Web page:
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West Michigan/Grand Rapids Economy


GRDadof3

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9 hours ago, HavingAhoot said:

What does Kellogg produce in GR? I see Morning star/Kellogg building off 28th street. Is that it?

Aren’t pop tarts produced here? And Keebler products. AFAIK, pop tarts were invented in GR. 

Joe

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https://www.woodtv.com/news/grand-rapids/oregon-shoemaker-moving-to-downtown-grand-rapids/amp/

This seems good for DT.  As much as I love DT Grand Rapids... seems strange to relocate from Portland. 

I've loved Portland every time I've visited, but  haven't been since covid so not sure if things have changed. 

 

Per the MIBIZ article, getting venture capital was easier in the midwest.

https://mibiz.com/sections/manufacturing/footwear-manufacturer-holo-relocating-from-west-coast-to-west-michigan

Edited by egrguy
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On 6/22/2022 at 9:04 PM, joeDowntown said:

Aren’t pop tarts produced here? And Keebler products. AFAIK, pop tarts were invented in GR. 

Joe

Yes they are.  Keebler as well.  IIRC one of their granola bars as well.

22 hours ago, egrguy said:

https://www.woodtv.com/news/grand-rapids/oregon-shoemaker-moving-to-downtown-grand-rapids/amp/

This seems good for DT.  As much as I love DT Grand Rapids... seems strange to relocate from Portland. 

I've loved Portland every time I've visited, but  haven't been since covid so not sure if things have changed. 

 

Per the MIBIZ article, getting venture capital was easier in the midwest.

https://mibiz.com/sections/manufacturing/footwear-manufacturer-holo-relocating-from-west-coast-to-west-michigan

I was surprised too.  Sounds like The Right Place had quite a bit to do with convincing them as well.  It wouldn't be bad moving from Portland with a median housing price of $600k to GR at $275k.

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18 hours ago, Floyd_Z said:

Yes they are.  Keebler as well.  IIRC one of their granola bars as well.

I was surprised too.  Sounds like The Right Place had quite a bit to do with convincing them as well.  It wouldn't be bad moving from Portland with a median housing price of $600k to GR at $275k.

And from a recruitment standpoint, they can draw off Wolverine. Of course, out in Portland they had Nike, but still. I need to look at buying a pair to support the "new locals". :)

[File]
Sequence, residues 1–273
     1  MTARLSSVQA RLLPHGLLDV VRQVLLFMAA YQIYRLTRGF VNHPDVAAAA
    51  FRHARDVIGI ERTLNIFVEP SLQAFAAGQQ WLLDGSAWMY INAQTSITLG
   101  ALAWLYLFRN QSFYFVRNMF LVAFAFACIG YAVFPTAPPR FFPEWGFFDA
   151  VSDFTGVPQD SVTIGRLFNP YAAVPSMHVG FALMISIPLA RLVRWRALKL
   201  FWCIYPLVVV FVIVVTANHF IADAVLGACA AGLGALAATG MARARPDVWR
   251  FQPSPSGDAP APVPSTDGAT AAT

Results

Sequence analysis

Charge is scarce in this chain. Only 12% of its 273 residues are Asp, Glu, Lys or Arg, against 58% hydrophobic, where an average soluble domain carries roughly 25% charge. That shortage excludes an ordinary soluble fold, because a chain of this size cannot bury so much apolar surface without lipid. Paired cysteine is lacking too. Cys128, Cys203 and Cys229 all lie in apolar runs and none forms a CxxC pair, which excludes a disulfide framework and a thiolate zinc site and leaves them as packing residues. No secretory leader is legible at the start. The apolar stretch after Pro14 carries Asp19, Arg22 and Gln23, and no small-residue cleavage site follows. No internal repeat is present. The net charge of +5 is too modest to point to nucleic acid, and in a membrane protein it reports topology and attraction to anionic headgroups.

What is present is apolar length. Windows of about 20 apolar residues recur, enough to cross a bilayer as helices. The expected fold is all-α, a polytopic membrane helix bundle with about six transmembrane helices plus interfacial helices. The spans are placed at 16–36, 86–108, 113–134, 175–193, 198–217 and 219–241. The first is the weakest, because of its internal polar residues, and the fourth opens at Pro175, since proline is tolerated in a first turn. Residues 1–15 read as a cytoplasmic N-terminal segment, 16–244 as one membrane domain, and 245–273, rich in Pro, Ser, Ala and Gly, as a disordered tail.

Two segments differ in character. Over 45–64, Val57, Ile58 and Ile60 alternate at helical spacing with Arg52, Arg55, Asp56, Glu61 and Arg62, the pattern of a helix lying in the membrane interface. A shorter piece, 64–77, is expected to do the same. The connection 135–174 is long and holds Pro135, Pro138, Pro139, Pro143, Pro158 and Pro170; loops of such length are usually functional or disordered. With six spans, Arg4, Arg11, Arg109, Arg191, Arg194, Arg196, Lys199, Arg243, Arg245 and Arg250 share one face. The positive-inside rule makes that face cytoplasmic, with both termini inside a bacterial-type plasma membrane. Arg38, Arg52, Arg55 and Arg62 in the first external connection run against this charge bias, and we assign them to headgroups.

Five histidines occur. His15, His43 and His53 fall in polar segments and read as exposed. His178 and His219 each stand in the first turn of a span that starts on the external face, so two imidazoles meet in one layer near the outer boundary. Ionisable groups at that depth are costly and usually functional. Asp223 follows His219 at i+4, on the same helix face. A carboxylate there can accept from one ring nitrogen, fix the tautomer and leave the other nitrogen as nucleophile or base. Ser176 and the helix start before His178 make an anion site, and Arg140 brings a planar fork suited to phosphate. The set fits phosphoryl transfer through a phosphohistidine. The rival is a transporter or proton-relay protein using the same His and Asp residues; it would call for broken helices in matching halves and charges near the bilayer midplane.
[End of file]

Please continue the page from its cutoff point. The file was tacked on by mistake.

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  • 3 weeks later...

All the news outlets are crying that when data comes out at the end of July, that it will indeed show that the U.S. is technically in a recession (two consecutive quarters of negative growth in GDP). 

But here locally:

) Rental vacancy rates are again down to 1.5% for 1st quarter 2022. It averaged 3 - 6% last year. There are quite a few apartment projects under construction that are probably not included in these numbers yet. 

) 30 year mortgage rates have come down off their highs in June, causing a resurgence in homebuyer activity (anecdotally)

) Labor force and non-farm employment continue to both grow in Grand Rapids, and unemployment is down to 3.4% (basically pre-covid levels). Anecdotally it still seems like a lot of companies are struggling to find workers.

) Gas prices have dropped by almost 50 cents in the last 30 days

I've traveled around the sun quite a few times, this doesn't feel like "recession" to me. Anyone else? 

 

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I’m hoping it’s what it’s intended to be. A slowdown to tame inflation. Technically a recession (which is fine, they typically happen every 7 years, it’s been 13). Slowing the economy a bit (rabid spending) and giving the supply chain a chance to catch up wouldn’t be such a bad thing. Hopefully it’s shallow, and only lasts 4-6 months. 

Joe

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19 minutes ago, joeDowntown said:

I’m hoping it’s what it’s intended to be. A slowdown to tame inflation. Technically a recession (which is fine, they typically happen every 7 years, it’s been 13). Slowing the economy a bit (rabid spending) and giving the supply chain a chance to catch up wouldn’t be such a bad thing. Hopefully it’s shallow, and only lasts 4-6 months. 

Joe

It's a mid-term election year too. I assume a lot of what is going on (gas prices for sure) is political and will change a lot after November, for the better. 

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43 minutes ago, joeDowntown said:

I’m hoping it’s what it’s intended to be. A slowdown to tame inflation. Technically a recession (which is fine, they typically happen every 7 years, it’s been 13). Slowing the economy a bit (rabid spending) and giving the supply chain a chance to catch up wouldn’t be such a bad thing. Hopefully it’s shallow, and only lasts 4-6 months. 

Joe

I agree with you. But unfortunately, in regards to most commodities, the supply chain issues will take years to get corrected. 

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